Testing kinematic fault-slip models in the Eastern California Shear Zone–Walker Lane Belt: Field studies in southwestern Mina deflection, California–Nevada
Purpose and Introduction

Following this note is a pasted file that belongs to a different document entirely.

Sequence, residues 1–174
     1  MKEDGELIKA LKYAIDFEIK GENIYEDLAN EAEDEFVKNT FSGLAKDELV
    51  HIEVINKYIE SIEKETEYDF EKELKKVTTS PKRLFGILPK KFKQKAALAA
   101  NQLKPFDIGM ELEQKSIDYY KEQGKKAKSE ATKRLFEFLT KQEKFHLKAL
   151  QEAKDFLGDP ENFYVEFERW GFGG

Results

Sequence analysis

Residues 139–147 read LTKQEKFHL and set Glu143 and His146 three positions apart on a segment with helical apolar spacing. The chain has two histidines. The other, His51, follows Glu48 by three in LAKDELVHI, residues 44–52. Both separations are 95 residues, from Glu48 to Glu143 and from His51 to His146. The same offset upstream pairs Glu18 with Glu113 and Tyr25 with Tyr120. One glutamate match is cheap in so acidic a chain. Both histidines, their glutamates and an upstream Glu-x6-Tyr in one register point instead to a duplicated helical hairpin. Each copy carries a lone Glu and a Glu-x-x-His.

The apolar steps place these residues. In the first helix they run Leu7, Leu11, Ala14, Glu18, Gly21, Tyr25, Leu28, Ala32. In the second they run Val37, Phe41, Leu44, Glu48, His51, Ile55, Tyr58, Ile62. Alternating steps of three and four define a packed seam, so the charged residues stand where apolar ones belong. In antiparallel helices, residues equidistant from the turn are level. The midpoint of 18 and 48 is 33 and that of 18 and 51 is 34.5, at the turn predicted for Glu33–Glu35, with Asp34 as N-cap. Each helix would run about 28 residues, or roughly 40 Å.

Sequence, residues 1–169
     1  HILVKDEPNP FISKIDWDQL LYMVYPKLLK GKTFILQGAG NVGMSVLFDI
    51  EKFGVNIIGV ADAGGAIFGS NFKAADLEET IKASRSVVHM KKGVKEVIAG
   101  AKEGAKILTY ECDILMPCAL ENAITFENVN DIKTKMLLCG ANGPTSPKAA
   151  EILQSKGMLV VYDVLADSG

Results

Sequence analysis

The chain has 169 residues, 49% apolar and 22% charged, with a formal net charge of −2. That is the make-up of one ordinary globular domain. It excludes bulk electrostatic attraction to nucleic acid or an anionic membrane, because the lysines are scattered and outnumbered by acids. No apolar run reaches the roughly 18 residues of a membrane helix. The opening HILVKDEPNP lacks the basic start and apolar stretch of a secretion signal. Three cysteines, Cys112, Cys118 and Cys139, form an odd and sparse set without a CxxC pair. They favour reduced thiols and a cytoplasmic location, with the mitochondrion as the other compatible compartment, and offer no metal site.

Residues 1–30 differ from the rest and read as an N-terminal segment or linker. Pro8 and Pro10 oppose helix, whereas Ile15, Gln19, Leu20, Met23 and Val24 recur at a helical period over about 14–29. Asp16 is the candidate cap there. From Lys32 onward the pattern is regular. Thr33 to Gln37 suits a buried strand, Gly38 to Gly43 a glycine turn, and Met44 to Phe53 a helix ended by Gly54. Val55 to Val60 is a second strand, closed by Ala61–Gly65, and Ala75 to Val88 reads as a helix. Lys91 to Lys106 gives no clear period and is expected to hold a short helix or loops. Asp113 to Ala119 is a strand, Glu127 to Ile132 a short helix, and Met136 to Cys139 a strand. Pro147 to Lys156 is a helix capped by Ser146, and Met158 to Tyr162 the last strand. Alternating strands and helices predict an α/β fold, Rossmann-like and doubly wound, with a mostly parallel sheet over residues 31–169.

The Mina deflection (Fig. 1A) is a ~125 km long structural step-over within the NW-striking dextral Eastern California Shear Zone (ECSZ)–Walker Lane Belt (WLB). Fault slip within this step-over is accommodated by a combination of sinistral, dextral, and normal faults (e.g. Faulds et al. 2008; Nagorsen-Rinke et al., 2013) and these faults transfer slip from the NW-striking dextral faults in the northern ECSZ to the NW-striking dextral faults in the central WLB. I will use geologic mapping, structural, kinematic, and geochronology studies in the River Spring area, southwestern Mina deflection (Fig. 1B) to document the kinematics of fault slip transfer across the area in order to test three kinematic models postulated to explain the mechanism of fault-slip transfer: normal fault–displacement-transfer model (Oldow et al. 1994), oblique-slip fault– transtensional model (Oldow et al. 2003), and sinistral fault–clockwise block rotation model (Wesnousky 2005).
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